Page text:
• Clinical science

Nosocomial infections (Hospital-acquired infections)

Summary

Nosocomial infections, also known as hospital-acquired infections, are newly acquired infections that are contracted within a hospital environment. Transmission usually occurs via healthcare workers, patients, hospital equipment, or interventional procedures. The most common sites of infection are the bloodstream, lungs, urinary tract, and surgical wounds. Though any bacteria may cause a nosocomial infection, there is an increasing incidence of multidrug-resistant pathogens (MDR) causing hospital-acquired infections. This rise can be explained by indiscriminate use of antibiotics and lacking hygiene measures, especially among medical staff. Commonly seen multidrug-resistant pathogens include methicillin-resistant Staphylococcus aureus (MRSA), extended-spectrum beta-lactamase-producing bacteria (ESBL), and vancomycin-resistant enterococci (VRE). The choice of antibiotic for treating infections with these pathogens is based on the individual resistance profile and often requires additional strict isolation methods for the patient.

Definition

  • Nosocomial infections are defined as infections acquired after hospitalization and occur within 48 hours of hospital admission, 3 days of discharge or 30 days of an operation. [1]
  • At admission, these infections are not present or incubating.

Etiology

Common causative pathogens [2]

Overview of the most common causative pathogens
Type of infection Most common pathogens Other causative pathogens
Surgical site infections
Nosocomial pneumonia
Nosocomial urinary tract infections
Bloodstream infections

Risk factors [3][2][1]

  • Age > 70 years
  • Lengthy hospital stays → ↑ risk of infection
    • Medical staff (e.g., insufficient disinfection of hands, clothing)
    • Contact surfaces (e.g., equipment, furniture)
    • Indoor air (e.g., via contaminated by droplets from infected patients, staff, procedures like bronchoscopy)
  • Iatrogenic: caused by treatment or a diagnostic procedure
  • Prior antibiotic use
  • Metabolic diseases (especially diabetes mellitus)
  • Immunosuppression

Overview of multiresistant pathogens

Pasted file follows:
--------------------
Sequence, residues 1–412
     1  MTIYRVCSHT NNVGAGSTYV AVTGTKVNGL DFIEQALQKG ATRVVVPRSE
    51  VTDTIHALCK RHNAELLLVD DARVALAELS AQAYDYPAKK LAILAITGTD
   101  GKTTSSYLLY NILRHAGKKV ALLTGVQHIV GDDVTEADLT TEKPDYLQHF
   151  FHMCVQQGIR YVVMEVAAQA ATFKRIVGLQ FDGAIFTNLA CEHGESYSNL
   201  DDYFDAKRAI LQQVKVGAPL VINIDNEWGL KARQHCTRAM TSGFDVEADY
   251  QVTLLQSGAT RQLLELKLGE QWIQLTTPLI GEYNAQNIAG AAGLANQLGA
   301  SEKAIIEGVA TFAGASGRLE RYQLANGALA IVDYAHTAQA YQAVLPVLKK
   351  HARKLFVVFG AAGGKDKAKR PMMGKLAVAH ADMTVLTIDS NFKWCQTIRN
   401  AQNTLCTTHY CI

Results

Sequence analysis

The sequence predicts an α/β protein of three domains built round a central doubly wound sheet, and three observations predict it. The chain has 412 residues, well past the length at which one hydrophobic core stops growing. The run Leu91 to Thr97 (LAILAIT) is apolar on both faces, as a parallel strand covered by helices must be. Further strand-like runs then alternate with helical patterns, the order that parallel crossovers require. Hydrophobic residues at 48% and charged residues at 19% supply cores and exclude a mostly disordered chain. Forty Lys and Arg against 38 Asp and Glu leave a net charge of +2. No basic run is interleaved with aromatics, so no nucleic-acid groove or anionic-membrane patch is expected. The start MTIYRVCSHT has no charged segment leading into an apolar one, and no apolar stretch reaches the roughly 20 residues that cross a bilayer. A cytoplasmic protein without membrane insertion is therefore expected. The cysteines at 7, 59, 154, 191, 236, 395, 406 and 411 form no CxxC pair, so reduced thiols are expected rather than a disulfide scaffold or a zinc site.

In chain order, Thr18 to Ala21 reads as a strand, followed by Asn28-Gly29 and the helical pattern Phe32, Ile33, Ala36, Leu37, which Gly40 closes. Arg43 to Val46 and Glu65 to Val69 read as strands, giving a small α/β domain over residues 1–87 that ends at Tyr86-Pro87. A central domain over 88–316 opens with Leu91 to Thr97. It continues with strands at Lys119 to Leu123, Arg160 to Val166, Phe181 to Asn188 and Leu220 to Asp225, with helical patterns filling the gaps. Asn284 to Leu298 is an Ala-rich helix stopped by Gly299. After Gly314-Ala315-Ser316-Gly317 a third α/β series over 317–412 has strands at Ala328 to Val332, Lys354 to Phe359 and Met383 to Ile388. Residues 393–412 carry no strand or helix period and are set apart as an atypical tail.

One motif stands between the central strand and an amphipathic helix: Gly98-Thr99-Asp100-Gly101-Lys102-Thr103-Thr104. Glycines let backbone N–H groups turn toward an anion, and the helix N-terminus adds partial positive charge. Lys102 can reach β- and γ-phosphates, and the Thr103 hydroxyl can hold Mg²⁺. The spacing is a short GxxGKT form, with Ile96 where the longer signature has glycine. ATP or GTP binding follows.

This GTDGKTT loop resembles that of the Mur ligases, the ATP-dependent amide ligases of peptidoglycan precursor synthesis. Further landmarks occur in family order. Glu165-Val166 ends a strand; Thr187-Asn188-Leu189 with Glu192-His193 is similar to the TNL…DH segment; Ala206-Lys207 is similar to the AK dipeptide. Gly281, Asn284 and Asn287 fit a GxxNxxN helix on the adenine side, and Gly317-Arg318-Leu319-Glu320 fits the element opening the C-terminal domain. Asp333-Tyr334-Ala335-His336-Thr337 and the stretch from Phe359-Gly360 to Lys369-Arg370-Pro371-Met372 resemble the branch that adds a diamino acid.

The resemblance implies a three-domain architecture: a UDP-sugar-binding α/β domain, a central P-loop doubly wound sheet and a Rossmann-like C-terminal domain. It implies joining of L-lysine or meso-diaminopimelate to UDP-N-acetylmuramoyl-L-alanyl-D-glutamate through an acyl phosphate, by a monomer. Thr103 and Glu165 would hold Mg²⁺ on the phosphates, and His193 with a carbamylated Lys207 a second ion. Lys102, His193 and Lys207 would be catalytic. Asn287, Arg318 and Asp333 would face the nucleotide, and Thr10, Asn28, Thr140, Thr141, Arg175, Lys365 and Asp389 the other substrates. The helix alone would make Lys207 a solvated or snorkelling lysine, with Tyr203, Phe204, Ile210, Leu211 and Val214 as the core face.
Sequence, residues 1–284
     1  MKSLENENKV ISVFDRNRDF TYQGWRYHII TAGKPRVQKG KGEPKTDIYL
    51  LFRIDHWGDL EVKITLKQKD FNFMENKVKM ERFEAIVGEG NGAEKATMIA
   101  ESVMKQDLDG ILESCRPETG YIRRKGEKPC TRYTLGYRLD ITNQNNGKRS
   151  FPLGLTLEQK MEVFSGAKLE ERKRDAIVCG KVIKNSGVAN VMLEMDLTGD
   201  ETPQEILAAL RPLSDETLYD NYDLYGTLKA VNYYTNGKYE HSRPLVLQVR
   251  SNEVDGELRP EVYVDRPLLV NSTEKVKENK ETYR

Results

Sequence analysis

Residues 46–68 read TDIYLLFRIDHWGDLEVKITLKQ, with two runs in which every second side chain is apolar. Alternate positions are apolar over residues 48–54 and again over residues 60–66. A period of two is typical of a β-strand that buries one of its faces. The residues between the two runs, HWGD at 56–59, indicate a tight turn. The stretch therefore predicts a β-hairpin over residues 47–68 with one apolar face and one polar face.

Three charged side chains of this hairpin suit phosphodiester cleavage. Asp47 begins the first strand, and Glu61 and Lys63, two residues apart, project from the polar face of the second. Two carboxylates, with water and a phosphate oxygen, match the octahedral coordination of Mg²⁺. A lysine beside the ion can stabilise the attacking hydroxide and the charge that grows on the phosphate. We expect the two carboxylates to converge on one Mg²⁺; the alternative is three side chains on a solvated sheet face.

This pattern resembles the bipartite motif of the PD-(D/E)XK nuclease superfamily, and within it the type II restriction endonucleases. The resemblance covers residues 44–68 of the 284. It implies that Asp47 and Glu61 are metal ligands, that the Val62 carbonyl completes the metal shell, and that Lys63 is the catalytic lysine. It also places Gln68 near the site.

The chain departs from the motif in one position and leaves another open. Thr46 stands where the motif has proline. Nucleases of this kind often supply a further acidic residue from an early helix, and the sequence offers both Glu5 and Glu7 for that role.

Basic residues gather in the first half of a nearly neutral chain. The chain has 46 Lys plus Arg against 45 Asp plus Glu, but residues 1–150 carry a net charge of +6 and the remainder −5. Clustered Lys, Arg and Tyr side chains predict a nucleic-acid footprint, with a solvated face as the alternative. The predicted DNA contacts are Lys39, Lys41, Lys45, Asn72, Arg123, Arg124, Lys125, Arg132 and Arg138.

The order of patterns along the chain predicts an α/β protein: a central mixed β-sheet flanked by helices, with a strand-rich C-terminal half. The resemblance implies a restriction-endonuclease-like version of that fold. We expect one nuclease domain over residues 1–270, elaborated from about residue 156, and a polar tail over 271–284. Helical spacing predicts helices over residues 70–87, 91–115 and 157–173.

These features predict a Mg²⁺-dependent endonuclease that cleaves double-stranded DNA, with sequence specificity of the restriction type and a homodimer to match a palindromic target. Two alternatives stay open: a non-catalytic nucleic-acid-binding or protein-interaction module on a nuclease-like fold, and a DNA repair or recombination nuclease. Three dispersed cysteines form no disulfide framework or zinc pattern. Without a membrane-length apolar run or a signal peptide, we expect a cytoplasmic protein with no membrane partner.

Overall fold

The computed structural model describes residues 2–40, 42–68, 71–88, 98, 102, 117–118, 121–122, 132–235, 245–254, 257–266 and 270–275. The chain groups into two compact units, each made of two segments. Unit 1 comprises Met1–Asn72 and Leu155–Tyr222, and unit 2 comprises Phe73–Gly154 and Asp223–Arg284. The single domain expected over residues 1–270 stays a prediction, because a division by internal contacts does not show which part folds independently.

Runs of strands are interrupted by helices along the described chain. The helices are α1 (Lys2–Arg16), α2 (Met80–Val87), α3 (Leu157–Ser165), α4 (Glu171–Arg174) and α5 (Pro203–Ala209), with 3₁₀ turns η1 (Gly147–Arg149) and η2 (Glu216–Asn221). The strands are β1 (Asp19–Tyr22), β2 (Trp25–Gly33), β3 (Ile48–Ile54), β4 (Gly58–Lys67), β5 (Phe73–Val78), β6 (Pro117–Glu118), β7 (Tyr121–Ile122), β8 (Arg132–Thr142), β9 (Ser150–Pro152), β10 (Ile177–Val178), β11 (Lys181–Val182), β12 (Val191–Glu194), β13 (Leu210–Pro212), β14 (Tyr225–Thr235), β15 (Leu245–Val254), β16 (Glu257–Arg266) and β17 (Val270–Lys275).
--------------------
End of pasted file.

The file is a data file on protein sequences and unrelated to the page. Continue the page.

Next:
Methicillin-resistant Staphylococcus aureus (MRSA)

The resistance mechanism of MRSA relies on modified PBPs, not the formation of beta-lactamase. Every case of MRSA (symptomatic or asymptomatic) requires treatment.

Extended-spectrum beta-lactamase-producing bacteria (ESBL)

Vancomycin-resistant enterococci (VRE)

Multidrug-resistant gram-negative bacteria (MDRGNB) [5]

  • Definition: gram-negative pathogens that are resistant to at least three of the four main antibiotic classes.
  • Measures
    • Suspected cases: no isolation
    • Confirmed cases
      • Basic hygiene measures in normal areas sufficient
      • Isolation in risk areas (e.g., intensive care, neonatology, hematology-oncology)

Pseudomonas aeruginosa

Treatment of multiresistant pathogens

Treatment of multiresistant pathogens [6]
Pathogen Resistance First-line therapy Alternative therapy
Gram-positive
MRSA
Vancomycin-resistant enterococci (VRE)
Gram-negative
ESBL pathogens (extended-spectrum β-lactamase)
Pseudomonas aeruginosa

Intravascular catheter related infections

  • Definition
    • Catheter-related bloodstream infection (CRBSI) is a bloodstream infection attributed to an intravascular catheter.
  • Risk factors
  • Etiology: the most common pathogens are:
  • Clinical features
    • Fever
    • Hemodynamic instability
    • Swelling, pain, redness, and purulence at catheter insertion sites
    • Altered mental status
  • Diagnosis
    • Approach: Catheter-related blood stream infection should be suspected in patients presenting with septic features 48 hours after insertion of the catheter.
    • Blood culture: samples should be collected prior to initiation of antibiotics
      • Collect two blood samples from a peripheral venous site (ideal)
        OR
      • Collect one blood sample from a peripheral venous site and culture the catheter tip
        OR
      • Collect one blood sample from a peripheral venous site and another sample from a catheter hub
  • Definitive diagnosis if:
    • The same organism grows from the catheter tip (> 15 colony-forming units [CFUs]/plate using semiquantitative culture or 102 CFU using quantitative culture) and percutaneous blood sample.
    • The same organism grows from the percutaneous blood sample and catheter hub blood sample, with a 3-fold colony count in the latter.
    • The same organism grows from the percutaneous blood sample and catheter hub blood sample, with the microbe being detected 2 hours earlier in the latter.
  • Treatment
  • Start empiric treatment
  • Prevention: See ”Prevention of intravascular catheter-related infections.”

References: [8][9][10]